The Barossa Valley’s Best Wineries

Two Hands Vineyard Experiences, Barossa Valley | Photo by South Australia Tourism
Two Hands Vineyard Experiences, Barossa Valley | Photo by South Australia Tourism

Madelin Tomelty embarks on a Barossa Valley reconnaissance to learn why a trip to the South Australian region is never too far away for any foodie in the know

Any foodie knows that a sign of a good epicurean holiday is leaving with a tighter waistband, and after three days of gourmet touring in the Barossa Valley my jeans are satisfactorily snug. I didn’t waste any time in South Australia’s premier wine region. I came armed with an artillery of recommendations for the long weekend, from award-winning wineries to hatted restaurants with panoramic vistas of those orderly vineyards, but I’ve since discovered that flying by the seat of my (fast-tightening) pants would have been equally successful.

It’s almost impossible to put a foot wrong. Simply drop into any one of the 80 cellar doors and you’re guaranteed good wine and a good time. The picturesque landscape and patchwork of historic parishes straight out of a children’s book will keep you wide-eyed as you journey from one location to the next.

As for the myriad gourmet eateries, don’t be surprised if you find yourself forced to embark on a juice cleanse on your return to reality. But for me, the exquisite experiences that await in the Barossa make any number of kale smoothies worth it. From chardonnay to shiraz and the morsels in between, here are some of the delicious reasons why the Barossa Valley is one of Australia’s favourite food and wine region.

St Hugo

Many of the Barossa’s vineyard restaurants are fine-dining, serving up degustation experiences on white-clothed tables, and St Hugo is no exception. One of the most beautifully designed wineries you’ll find in the Barossa, St Hugo’s restored historic interiors overlook the spellbinding symmetry of rolling green vineyards, and its luxurious wine lounge is all about sexy brown leather seats, warm wood and exposed stone walls. Everything about St Hugo feels expensive, but not at the cost of a warm and welcoming ambience. True foodies won’t want to miss the restaurant’s ‘Chef’s Table’ experience, either, which includes a personal tour of the historic site and a chef- and sommelier-led menu. Pure class.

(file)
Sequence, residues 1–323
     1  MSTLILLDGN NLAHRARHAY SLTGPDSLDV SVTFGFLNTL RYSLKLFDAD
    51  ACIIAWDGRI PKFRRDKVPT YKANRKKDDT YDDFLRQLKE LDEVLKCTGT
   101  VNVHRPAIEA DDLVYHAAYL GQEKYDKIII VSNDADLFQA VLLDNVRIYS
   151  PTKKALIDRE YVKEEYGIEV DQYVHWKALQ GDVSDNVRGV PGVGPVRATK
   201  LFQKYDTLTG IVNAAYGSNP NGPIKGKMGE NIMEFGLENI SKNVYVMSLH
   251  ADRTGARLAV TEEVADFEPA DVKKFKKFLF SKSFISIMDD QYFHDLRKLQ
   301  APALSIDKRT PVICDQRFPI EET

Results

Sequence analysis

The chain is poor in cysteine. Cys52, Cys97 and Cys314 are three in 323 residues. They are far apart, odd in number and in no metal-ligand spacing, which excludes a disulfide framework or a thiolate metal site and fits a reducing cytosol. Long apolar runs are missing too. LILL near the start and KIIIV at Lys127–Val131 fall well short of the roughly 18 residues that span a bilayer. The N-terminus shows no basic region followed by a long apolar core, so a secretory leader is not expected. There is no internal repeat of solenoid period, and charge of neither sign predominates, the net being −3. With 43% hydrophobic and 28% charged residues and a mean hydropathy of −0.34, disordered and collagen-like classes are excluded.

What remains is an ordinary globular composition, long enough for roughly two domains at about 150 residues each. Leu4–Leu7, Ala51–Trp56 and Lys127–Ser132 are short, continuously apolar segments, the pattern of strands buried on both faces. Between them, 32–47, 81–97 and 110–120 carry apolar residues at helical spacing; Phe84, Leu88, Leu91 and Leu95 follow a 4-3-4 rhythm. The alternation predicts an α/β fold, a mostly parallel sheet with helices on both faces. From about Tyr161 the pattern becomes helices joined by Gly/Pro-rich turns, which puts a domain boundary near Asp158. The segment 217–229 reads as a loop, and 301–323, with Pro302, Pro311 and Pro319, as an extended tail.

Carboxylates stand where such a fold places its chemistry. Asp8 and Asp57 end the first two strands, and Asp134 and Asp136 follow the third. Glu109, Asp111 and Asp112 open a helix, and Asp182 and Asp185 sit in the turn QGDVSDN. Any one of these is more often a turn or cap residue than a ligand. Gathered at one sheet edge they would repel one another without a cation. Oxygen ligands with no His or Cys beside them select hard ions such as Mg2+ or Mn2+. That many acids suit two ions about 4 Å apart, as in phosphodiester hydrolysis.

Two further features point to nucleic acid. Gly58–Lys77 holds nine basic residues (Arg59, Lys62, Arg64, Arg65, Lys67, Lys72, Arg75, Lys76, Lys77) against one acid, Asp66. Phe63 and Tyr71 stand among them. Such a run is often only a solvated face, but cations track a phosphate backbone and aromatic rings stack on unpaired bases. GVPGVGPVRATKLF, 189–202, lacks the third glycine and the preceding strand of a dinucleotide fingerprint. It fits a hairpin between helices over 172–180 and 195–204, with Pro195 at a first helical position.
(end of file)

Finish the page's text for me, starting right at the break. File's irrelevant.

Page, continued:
Hentley Farm

Located among the Barossa’s voluptuous green hills in the heart of Seppeltsfield is the charmer that is Hentley Farm. Housed in a cosy 1840s cottage, complete with an open fireplace, exposed stone walls and wood-beam ceilings, this boutique, single-estate vineyard has an award-winning cellar door and restaurant. A rotating set menu changes with the seasons and is presented from the cosiness of converted stables, dating back to the 1880s.

In the paddock-to-plate vein much of regional Australia’s restaurants are known for (and increasingly, city establishments, too), Hentley Farm’s restaurant has a strong focus on harvesting seasonal produce and foraging ingredients from the property’s 60 hectares.

Henschke Cellars

One of the region’s most iconic wineries, Henschke Cellars is a sure-fire list-topper on any good Barossa itinerary. With its original 1860s stone cellar, it oozes historic charm on the surface, and backs it up with a six generation-strong pedigree of winemaking. Recognised around the world for
its innovative methods, dedication to environmentally sustainable practices, and, of course, really tasty wine, Henschke also offers an exclusive VIP Tour and Tasting experience. Amble around the ancient, gnarled vines in the famed Hill of Grace vineyard, tour the working winery and round it out with a tasting of the Henschke icon wines – Hill of Grace, Hill of Roses, Mount Edelstone and Cyril Henschke – in the private cellar.


Another boutique, family-owned winery, Kellermeister is rated in the top seven per cent of wine producers in Australia, and in the past few years has had immense success on the world stage, winning numerous awards including the World’s Best Shiraz and Australia’s Best Shiraz at the Syrah du Monde 2018 in France. The winery has been awarded five red stars by Australia’s most authoritative wine critic, James Halliday, since 2007 and it has the highest-scoring grenache in the 2019 Halliday Wine Companion. You can get a taste of those famous shirazes along with apple cider and fortified wines at Kellermeister’s charming mud-brick cellar door, or step outside for one of the best views in the Barossa.


Luxury hotel The Louise’s intimate and understated on-site restaurant, Appellation, has long been considered one of the stars of the Barossa. The menu changes nightly and
uses fresh, local ingredients in dishes such as: spencer gulf kingfish with stonefruit, buckwheat and sour cream; and coal-grilled squid with green pea mousse, fried potato, and herb and lime oil. Throw in sweeping vineyard views and a world-class wine list and your afternoon is sorted.


It’s worth taking a quick detour into the Adelaide Hills to experience the recently-refurbished winery and cellar door, Nepenthe. In addition to its spectacular vistas, architecturally-designed Nepenthe boasts four tasting spaces along with a striking barrel room that opens directly onto a sprawling lawn, where visitors can enjoy a tipple alfresco.

Choose the new guided wine tasting menu – where you can select between sparkling and white, red wine, alternative European and Adelaide Hills-renowned varietals – or the Taste of Nepenthe self-guided flight, to taste at your own pace. If you appreciate your whites, don’t miss Nepenthe’s 94-point Sauvignon Blanc.

The Details

The Barossa Valley is about a one-hour drive north of Adelaide. For more information visit

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